With nine specialisation areas, the University of Melbourne’s Master of Education degree might have a generic name, but course coordinator Professor Shelley Gillis says the course is anything but standard. 

“…[it] offers contemporary professional relevance, deep intellectual challenge and rich student experience within each of the specialist areas,” Gillis explains.  

“The MEd subjects are designed and taught by internationally renowned educational researchers who are at the forefront of cutting-edge research in their discipline areas, producing products and tools that are being utilised by educational departments and organisations all over the world.”

Take, for example, those who opt to undertake the Literacy Education specialisation. 

“[They’ll] be taught by academic staff members who are currently working with the Victorian Department of Education and Training to produce a Literacy Teaching Toolkit, and these resources will figure in our literacy specialisation subjects in 2018 and beyond,” Gillis reports. 

Meanwhile students in the Leadership and Management/ Assessment and Pedagogy camps will work alongside the Victorian Education Department and the Bastow Institute of Educational Leadership to develop a “capstone” assessment process for aspiring principals.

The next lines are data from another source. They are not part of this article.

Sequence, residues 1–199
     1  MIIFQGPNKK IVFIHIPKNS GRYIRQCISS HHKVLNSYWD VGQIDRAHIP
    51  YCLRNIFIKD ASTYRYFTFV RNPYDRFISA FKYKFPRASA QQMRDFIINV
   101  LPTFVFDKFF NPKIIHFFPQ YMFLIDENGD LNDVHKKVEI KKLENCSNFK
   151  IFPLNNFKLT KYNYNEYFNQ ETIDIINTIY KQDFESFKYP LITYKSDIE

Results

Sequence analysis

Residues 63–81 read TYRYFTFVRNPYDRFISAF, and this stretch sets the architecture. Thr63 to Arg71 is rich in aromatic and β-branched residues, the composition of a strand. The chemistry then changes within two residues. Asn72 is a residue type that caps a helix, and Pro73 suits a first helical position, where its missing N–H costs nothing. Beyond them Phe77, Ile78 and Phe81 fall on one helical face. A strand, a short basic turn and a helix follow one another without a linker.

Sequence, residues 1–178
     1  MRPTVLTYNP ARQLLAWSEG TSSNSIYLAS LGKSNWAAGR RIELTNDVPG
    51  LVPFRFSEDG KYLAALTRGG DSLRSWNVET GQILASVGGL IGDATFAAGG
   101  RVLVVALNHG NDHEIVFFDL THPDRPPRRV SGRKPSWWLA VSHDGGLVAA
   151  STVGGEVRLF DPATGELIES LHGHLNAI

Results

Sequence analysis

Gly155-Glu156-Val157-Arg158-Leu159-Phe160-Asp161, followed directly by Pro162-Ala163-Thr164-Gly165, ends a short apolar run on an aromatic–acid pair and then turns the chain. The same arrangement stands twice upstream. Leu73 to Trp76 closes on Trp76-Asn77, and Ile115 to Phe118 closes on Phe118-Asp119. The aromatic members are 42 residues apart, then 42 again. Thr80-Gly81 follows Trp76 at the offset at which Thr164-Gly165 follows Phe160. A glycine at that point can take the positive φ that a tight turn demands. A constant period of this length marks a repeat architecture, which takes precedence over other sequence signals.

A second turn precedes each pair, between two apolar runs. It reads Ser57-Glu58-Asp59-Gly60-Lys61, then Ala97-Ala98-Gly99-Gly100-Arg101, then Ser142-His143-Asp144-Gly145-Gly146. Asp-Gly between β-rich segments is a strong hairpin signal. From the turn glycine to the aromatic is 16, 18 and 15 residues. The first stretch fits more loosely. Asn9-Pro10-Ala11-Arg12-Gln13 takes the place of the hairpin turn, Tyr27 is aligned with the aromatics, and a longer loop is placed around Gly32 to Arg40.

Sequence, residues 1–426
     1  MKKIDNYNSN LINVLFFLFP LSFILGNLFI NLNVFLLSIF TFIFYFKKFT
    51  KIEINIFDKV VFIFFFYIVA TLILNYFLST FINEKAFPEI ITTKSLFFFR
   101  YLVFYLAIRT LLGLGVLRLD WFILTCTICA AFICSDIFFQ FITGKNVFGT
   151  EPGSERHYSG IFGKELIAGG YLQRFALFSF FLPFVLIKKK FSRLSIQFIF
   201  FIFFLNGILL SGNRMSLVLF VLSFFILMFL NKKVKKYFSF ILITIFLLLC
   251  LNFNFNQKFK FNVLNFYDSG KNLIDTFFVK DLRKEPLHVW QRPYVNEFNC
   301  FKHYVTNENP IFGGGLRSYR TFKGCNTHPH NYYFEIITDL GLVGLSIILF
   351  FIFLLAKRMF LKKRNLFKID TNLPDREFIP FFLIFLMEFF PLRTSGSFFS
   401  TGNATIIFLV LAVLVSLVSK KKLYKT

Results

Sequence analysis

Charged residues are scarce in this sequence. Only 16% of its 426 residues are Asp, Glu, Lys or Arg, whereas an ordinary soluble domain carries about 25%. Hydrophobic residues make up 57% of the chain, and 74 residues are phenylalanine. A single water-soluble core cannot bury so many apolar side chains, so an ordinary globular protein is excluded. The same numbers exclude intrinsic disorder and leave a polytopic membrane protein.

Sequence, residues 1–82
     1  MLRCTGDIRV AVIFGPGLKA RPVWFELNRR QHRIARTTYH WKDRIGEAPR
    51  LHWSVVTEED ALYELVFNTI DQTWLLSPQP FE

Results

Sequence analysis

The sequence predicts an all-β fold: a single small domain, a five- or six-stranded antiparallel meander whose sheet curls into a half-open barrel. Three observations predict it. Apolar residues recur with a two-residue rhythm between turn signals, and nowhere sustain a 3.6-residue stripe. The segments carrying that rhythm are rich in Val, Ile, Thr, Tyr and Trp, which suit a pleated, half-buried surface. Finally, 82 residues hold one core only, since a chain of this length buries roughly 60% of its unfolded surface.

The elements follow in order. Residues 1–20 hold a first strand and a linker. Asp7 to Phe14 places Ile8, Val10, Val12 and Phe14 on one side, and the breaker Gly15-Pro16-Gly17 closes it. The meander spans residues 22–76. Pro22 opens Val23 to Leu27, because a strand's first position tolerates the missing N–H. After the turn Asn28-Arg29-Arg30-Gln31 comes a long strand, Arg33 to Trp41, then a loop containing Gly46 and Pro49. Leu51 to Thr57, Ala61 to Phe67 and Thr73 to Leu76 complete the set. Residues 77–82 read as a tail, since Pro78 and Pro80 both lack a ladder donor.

Upon graduation Gillis says students will have acquired a suite of knowledge and skills they can draw upon to really carve out a niche career in the sector. 

“Graduates will have advanced theoretical understanding and knowledge of current research, debates, policies and practices in their area of specialisation.

“And they will be critical thinkers, capable of applying this specialised knowledge, reason and research skills to address complex problems and issues within their workplaces.”

For those champing at the bit to look beyond the walls of their Australian classroom, Gillis notes that the option to study abroad is a viable one. Whether it be a stint at a partner university, an internship, or a school visit on foreign soil, the cross-cultural focus of the degree is there to “enrich” the whole learning experience. 

There’s another perk too, she adds. 

“Students can choose to graduate in one or two of these specialisations or alternatively, they may choose to study subjects across a range of specialisations and graduate with a generalist Master of Education degree.”

Gillis says the course attracts “high-calibre” students from all over the world and from all areas of education, which opens up a “diverse and rich experience of interacting and learning” for all involved.